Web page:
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Footer Links for SEO: Best Practices and Common Mistakes

Footer Links for SEO Best Practices and Common Mistakes

In the early days of SEO, when Google’s algorithm was much simpler, people often used footer links for spammy link-building.

Website owners and SEOs filled footers with links to other websites they controlled, using keyword-rich anchor text. This tricked search engines into improving their rankings but did not help users.

Now, Google’s algorithm is smarter. It quickly penalizes sites using these spammy methods. Smart SEO experts & best SEO agencies see the true potential of footer links.

Today, footer links are more than just extra links at the bottom of a page. They are powerful tools. When used correctly, they improve your site’s UX and navigation.

What are Footer Links?

Footer links are links found at the bottom of a webpage. They help users find important sections like contact info, privacy policies, or site maps. 

These links appear on every page of the site, making them sitewide. They are great for navigation and also help improve your site’s structure and authority, boosting SEO. 

If implemented correctly, footer links can enhance both user experience and SEO performance.

There are two types of footer links:

  • Internal Footer Links: These links point to other pages within the same website. They help users navigate your site and assist search engines in understanding your site’s structure.
  • External Footer Links: These links point to pages on other websites. They should be used sparingly and be relevant to your content to avoid penalties from search engines.

How Do Footer Links Impact SEO?

Footer links help your website in many ways. They make it easier for users to find important pages, improving their overall experience. With quick access to key information, visitors can navigate your site more efficiently.

Footer links also boost page authority and improve internal linking. By distributing link juice to key pages, footer links help search engines crawl and index your site more effectively. This can lead to better search rankings and more organic traffic.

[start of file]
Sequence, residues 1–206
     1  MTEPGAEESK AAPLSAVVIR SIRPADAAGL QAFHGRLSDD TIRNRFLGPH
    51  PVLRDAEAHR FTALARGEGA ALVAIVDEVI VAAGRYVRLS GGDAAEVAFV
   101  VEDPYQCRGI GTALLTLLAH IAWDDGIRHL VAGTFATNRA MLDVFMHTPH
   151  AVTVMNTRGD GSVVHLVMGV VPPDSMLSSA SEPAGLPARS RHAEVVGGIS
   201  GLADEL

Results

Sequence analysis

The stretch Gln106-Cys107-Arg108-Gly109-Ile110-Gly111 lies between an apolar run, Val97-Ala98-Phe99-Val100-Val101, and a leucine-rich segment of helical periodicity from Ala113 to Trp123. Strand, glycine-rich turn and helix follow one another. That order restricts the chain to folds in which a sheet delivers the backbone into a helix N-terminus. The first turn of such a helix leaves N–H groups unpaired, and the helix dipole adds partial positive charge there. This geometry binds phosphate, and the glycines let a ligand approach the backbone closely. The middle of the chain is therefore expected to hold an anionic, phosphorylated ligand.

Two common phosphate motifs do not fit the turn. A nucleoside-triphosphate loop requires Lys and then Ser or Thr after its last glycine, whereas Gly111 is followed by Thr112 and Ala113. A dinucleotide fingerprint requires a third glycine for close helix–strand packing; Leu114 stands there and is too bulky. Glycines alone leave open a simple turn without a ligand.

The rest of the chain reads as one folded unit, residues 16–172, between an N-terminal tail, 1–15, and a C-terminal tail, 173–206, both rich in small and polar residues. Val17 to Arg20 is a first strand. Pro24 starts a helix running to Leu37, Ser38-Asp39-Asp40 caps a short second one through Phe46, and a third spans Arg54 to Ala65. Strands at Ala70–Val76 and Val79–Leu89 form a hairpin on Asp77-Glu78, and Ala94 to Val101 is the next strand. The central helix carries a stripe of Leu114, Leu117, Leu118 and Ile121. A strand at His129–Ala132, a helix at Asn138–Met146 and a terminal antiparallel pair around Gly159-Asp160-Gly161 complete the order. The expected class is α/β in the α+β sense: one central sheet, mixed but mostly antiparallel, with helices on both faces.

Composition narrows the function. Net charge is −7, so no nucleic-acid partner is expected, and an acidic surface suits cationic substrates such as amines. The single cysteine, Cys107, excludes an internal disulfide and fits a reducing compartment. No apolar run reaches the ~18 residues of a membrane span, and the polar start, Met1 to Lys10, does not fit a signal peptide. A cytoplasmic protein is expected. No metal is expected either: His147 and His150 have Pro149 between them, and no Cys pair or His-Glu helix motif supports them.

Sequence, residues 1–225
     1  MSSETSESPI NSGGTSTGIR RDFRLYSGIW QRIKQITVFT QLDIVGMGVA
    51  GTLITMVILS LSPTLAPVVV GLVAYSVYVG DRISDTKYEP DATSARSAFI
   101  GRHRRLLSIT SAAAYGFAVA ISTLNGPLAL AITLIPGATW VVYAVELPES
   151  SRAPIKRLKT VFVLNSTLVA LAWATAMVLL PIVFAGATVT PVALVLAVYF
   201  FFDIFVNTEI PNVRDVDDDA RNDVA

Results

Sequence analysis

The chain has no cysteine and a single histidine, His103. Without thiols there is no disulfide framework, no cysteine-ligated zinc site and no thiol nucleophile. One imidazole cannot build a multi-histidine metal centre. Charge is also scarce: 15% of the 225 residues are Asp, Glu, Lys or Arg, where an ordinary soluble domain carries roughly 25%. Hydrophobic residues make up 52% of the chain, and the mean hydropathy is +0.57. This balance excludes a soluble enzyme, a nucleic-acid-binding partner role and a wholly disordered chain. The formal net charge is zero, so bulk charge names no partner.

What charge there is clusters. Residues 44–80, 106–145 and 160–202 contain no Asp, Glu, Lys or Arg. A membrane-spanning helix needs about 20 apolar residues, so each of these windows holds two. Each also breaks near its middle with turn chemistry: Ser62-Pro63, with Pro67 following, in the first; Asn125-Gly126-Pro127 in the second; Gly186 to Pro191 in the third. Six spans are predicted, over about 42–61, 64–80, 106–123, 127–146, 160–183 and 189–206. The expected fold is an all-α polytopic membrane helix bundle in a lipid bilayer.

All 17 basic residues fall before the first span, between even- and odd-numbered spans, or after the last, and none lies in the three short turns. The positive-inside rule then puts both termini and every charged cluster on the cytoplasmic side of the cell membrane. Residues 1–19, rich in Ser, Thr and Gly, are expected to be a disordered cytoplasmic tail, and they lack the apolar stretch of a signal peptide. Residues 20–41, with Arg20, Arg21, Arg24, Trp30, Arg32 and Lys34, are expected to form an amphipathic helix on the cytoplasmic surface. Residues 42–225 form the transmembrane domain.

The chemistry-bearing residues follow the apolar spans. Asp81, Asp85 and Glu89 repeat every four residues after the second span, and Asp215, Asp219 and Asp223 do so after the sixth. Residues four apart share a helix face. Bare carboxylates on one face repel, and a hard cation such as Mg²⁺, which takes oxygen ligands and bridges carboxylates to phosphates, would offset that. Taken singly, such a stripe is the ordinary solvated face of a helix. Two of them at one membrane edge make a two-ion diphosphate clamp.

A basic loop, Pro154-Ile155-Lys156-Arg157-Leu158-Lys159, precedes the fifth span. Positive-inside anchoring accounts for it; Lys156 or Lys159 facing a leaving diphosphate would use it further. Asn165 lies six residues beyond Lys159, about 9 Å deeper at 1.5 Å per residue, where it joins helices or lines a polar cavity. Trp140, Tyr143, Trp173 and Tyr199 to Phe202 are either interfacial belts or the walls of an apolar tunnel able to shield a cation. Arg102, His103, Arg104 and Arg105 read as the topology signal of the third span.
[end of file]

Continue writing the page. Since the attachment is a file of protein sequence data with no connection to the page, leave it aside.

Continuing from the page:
Google’s Stance on Footer Links

Google doesn’t like spammy or excessive footer links. John Mueller from Google said, 

If you’re dropping links in other people’s websites and you’re using those to forward PageRank to your website then that’s kind of an unnatural link.”

– John Mueller

Moz also warns against this, saying,

“Site-wide, whether it’s a footer link or a top-level navigation link, you definitely don’t want to go after those. They can appear really, really spammy. Avoid those.”

– Moz

Using too many footer links or irrelevant links can make it look like you’re trying to trick search engines. This can lead to penalties. Instead, make sure your footer links are relevant and helpful to your users.

Common Types of Footer Links

Footer links can be divided into two main types: internal and external. Here are the key types and examples of each:

Internal Footer Links:

  • Navigation Links: Direct users to important sections like the homepage, about us, and contact pages. They make important information easy to find.
  • Contact Information: Include key details such as email addresses, phone numbers, and physical addresses. This ensures users can easily get in touch with you.
  • Legal Links: Links to privacy policies, terms of service, and disclaimers ensure your site complies with legal requirements and builds trust with users.
  • Sign-up Links: Allow users to subscribe to newsletters or updates, helping you grow your audience.

Sign-up footer Links examples

  • Sitemap Links: A structured list of all the pages on your site helps with navigation and SEO by making it easier for search engines to crawl and index your content.
  • Support Links: Direct users to help centers, FAQ sections, or customer service pages to improve user experience.
  • Testimonials: Share customer feedback to build trust and credibility.
  • Category Pages: Help users navigate to specific sections of the website.
  • Main Navigation Pages: Direct links to the main sections of the website.

External Footer Links:

  • Social Media Links: Connect visitors to your social media profiles. This fosters engagement and helps build your online presence.

social media footer example

  • Partner or Resource Links: Occasionally, you might link to partner sites or resources that add value to your content. Use these sparingly to avoid appearing spammy.
  • Affiliate Links: If you have affiliate partnerships, these links can be included but should be marked with “nofollow” to avoid penalties.